Some cheap policies have the same total maximum coverage as more expensive ones, but skimp on coverage for specific items. For example, it’s possible for a cheap and expensive insurance policy to both have total payouts of up to $2 million, but the cheap one may have up to S$500 coverage on a camera, whereas the expensive one has coverage of up to S$2,000 on a camera.
Some cheaper policies offer no pay outs on lost jewellery or watches. Be careful to pick a policy that matches your belongings.
# 4 Cheap travel insurance can take a long time to pay out
A small or obscure insurer may charge you less (as they lack branding), but you should Google the reviews on their claims process. Some of these insurers can take anywhere from months to years to process a claim, by which point you would have suffered a great deal of distress and financial loss.
It is also possible to end up waiting for several months, only to find out that your claims process must be redone (because of paperwork errors), or because it has been rejected. The amount you save is seldom worth the hassle.
# 5 Cheap travel insurance can be almost useless because of the terms and conditions
Look out for terms that specify where and when the travel insurance applies. Consider this:
Say you are flying to New York, and you have a stopover in Tokyo. While transferring flights, your luggage is lost in Tokyo. If you have cheap travel insurance, you may discover – too late – that the policy only applies when you lose your luggage at the destination (New York) and not Tokyo.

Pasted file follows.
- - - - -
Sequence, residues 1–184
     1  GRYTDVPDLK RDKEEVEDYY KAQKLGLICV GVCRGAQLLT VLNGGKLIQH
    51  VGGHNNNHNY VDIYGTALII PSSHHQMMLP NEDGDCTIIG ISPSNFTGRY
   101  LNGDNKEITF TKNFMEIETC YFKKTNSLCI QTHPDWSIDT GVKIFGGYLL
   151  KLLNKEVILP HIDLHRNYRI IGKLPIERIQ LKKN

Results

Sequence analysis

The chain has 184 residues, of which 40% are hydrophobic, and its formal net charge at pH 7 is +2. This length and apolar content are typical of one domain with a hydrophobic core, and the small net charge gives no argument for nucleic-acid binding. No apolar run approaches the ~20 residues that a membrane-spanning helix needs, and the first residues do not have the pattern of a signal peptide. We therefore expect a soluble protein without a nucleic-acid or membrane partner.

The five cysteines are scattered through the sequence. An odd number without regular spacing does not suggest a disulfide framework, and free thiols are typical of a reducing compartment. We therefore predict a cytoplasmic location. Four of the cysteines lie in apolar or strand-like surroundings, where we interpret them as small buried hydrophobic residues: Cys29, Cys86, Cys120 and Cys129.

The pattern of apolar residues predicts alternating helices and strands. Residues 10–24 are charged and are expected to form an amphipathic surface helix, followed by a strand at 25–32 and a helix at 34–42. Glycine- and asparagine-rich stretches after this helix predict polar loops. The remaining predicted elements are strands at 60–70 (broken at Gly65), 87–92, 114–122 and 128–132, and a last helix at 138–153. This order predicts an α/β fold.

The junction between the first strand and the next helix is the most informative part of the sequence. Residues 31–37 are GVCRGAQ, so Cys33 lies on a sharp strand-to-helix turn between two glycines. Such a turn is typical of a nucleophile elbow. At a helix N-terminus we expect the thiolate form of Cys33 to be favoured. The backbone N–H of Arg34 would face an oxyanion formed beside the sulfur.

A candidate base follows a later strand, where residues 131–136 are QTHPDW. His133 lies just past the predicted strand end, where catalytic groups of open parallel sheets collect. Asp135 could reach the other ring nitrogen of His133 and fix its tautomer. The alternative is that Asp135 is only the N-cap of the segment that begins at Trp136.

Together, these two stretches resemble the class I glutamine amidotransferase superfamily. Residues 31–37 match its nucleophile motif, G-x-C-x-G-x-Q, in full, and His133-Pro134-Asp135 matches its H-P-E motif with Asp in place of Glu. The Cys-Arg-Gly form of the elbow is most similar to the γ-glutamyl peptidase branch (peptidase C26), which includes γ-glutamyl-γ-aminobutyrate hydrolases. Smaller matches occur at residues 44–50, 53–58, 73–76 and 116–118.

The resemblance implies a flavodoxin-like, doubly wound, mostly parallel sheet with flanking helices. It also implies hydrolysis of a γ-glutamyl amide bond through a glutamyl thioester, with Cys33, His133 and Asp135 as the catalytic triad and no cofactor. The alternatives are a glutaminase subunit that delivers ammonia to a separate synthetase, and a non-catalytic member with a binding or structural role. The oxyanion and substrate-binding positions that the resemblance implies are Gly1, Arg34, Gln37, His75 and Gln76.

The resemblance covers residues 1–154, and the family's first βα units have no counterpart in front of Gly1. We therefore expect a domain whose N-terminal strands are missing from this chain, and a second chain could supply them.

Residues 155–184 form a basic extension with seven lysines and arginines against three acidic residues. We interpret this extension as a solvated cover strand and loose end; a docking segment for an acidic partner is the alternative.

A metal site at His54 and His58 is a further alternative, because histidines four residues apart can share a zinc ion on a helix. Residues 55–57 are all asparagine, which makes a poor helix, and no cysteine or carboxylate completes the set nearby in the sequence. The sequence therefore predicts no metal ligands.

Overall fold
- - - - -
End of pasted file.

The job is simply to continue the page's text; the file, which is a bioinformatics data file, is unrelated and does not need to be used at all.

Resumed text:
Some cheap policies also sneak in clauses that can make the policy almost worthless. For example, a policy may require that all medical treatment take place in Singapore, in order for you to get a payout. But this may not cover the cost of getting you to Singapore in a medical emergency. And once you arrive home, you may find it does not stack with payouts from your health insurance or personal accident plan. This effectively makes it useless.
# 6 Cheap travel insurers may not be reachable when you need them
Small, obscure insurers may not have 24 hour hotlines, or offices where you’re travelling to. This can be problematic given time differences (such as if you are in a different time zone, and end up unable to contact your insurer in an emergency). It is always best to engage an insurer that has a “round the clock” service, even if it would cost a little bit more.
Of course, this assumes you can get service quality when you do get in touch with them (see point 2), otherwise you’ll still have to muddle through on your own.
So remember: when buying travel insurance, check the terms and conditions. And asks about the claims process before you buy, to make sure it’s manageable. Don’t save S$10 or S$20 on your insurance, only to end up incurring a S$1,000 loss later.
This article was contributed by SingSaver.com.sg, Singapore’s #1 personal finance comparison site for credit cards and personal loans.